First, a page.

Ekaterina Marinova  is а Data and Innovation Strategist at Raiffeisenbank Bulgaria. She is also teaching at the American university in Bulgaria and is going to be one of the judges of this year’s edition of the HackAUBG – the hackathon that incorporates great tech ideas with the right entrepreneurship solutions. 

Ekaterina, tell us about your journey and connection with AUBG.

I have a long history with AUBG. Back in 2011 I started there as a freshman, eager to learning about politics and economics. But actually, AUBG gave me the flexibility and the opportunity to develop talent and actually be who I am right now. So I shifted my majors and I continued with Information Systems and Business Administration. After finishing my masters after AUBG, in Rotterdam, I came back and started working in the IT sector. I started developing in the area of artificial intelligence and data science and at some point, while I was constantly with the university, there was an opportunity for this new field – AI knowledge, that was going to be explored in AUBG. I decided to take this opportunity and started teaching there. It is now 2 or 3 years as an adjunct professor. I’m teaching short courses with students that vary from junior and senior level and I’m teaching them Big Data and Machine Learning. At the end of the day, they know what that is and can perform and do a module on their own. At the same time, I’m working in Raiffeisenbank and I’m dealing with Data and Innovation Strategy and right now we’re working and looking at the digital transformation of the bank.


How do you feel about teaching where you once studied? 

It’s amazing because I know what they’re thinking. I know what is valuable for the students because it’s not that long since I’ve been there. I try to give them the practice and the real-world examples – to show them that what they are doing in class is valuable afterwards. There was this understanding back when I was a student, and now they still have it – we were studying so much theory and this is not applicable in the real world and it’s very nice to look at them, to take this theory that they are having and to show them how this thing that they’re doing right now is going to help them in the future and how to value more what they’re receiving from AUBG compared to other universities. AUBG is different – everything that we’re doing there has value and I’m super happy.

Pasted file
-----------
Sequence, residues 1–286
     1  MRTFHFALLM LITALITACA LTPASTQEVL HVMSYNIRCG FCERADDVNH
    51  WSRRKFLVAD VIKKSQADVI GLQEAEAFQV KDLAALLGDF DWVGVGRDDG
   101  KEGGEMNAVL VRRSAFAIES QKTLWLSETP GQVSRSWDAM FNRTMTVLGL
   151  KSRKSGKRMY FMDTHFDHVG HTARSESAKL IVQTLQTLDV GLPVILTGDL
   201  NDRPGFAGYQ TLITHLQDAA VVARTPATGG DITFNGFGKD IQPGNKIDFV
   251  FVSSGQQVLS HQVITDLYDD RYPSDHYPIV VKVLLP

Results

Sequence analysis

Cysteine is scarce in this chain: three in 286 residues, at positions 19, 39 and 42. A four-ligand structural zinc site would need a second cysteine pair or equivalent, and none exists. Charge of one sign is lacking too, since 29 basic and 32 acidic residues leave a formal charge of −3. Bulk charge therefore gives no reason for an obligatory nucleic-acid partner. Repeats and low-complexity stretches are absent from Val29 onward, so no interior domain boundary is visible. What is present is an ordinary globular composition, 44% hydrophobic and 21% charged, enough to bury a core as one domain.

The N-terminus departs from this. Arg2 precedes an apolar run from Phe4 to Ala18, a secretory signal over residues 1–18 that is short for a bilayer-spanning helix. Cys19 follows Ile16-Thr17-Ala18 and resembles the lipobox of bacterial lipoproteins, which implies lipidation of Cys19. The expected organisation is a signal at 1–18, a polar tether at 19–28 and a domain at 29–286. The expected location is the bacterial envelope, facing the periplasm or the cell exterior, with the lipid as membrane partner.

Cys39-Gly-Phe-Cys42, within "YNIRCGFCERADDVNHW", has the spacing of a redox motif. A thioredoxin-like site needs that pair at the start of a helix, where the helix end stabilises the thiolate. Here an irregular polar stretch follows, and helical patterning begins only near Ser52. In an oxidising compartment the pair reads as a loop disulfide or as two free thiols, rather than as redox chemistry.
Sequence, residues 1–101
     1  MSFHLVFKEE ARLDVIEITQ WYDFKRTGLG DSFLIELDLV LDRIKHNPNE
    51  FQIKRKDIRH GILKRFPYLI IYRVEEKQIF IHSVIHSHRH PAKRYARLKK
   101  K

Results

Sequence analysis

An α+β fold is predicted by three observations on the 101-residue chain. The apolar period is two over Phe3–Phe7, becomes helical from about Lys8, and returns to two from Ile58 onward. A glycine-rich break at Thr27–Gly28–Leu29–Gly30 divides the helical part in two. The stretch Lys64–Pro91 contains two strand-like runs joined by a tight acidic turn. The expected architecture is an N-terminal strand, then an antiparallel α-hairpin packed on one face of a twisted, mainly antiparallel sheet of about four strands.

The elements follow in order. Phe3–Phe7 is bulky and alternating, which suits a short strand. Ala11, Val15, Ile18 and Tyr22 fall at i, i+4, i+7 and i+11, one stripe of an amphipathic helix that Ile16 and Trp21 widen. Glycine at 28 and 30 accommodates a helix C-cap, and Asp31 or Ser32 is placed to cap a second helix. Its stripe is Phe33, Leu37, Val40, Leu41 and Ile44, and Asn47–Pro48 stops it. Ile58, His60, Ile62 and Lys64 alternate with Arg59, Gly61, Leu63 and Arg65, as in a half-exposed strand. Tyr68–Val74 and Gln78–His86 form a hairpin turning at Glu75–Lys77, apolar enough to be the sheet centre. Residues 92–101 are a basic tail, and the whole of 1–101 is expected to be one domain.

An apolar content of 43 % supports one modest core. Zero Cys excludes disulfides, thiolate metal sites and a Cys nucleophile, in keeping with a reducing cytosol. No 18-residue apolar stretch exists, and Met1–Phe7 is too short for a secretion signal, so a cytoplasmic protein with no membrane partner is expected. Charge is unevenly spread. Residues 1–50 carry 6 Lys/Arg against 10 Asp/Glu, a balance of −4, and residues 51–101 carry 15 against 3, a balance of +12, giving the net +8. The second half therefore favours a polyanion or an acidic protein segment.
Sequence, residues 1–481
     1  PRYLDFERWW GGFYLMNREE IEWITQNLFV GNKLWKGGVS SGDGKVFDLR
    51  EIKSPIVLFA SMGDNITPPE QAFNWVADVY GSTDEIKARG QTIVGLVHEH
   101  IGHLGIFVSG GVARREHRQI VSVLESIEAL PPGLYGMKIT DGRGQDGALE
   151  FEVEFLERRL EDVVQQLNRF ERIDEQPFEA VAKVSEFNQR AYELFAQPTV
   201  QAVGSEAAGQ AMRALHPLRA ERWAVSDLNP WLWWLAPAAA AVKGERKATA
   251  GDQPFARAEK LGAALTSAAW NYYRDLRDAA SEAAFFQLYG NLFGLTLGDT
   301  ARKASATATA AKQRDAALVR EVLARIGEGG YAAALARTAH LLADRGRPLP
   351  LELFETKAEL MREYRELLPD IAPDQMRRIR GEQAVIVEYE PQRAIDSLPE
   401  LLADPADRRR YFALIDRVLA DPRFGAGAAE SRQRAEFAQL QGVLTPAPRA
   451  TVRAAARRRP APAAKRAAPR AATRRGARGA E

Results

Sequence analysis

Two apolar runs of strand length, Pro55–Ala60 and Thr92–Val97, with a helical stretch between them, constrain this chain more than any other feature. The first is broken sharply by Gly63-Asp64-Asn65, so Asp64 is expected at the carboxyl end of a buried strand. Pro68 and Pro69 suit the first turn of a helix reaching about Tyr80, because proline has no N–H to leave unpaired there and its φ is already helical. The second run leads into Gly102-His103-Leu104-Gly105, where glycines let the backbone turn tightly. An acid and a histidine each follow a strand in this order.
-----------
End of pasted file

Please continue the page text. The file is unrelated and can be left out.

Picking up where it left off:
Do you think this is a big problem for the universities – not showing enough the practical stuff, where the fun is, but concentrating more on the theory? 

That’s true. But you should be prepared for fun. The thing is that theory teaches you something valuable. You’re exposed to different situations and you might think that it’s not practical enough. But when you’re in a practical situation you’ll have the knowledge to deal with things and learn from them. And there’s something else – you can learn 5 or 10 practical things but the industry is changing, technology is changing, also the jobs. The situation right now is not the same as 5 years ago. And if you don’t have that thinking, if you don’t know the logic and the based, coming from the theory, you won’t be able to be that competitive. And you should know how to change yourself. You can see the big vendors like Microsoft, Oracle, Amazon, IBM – they are developing the technologies to do automated things that we used to learn to do in practice. So if you have the theory and you have different knowledge, you’ll be able to adapt quickly.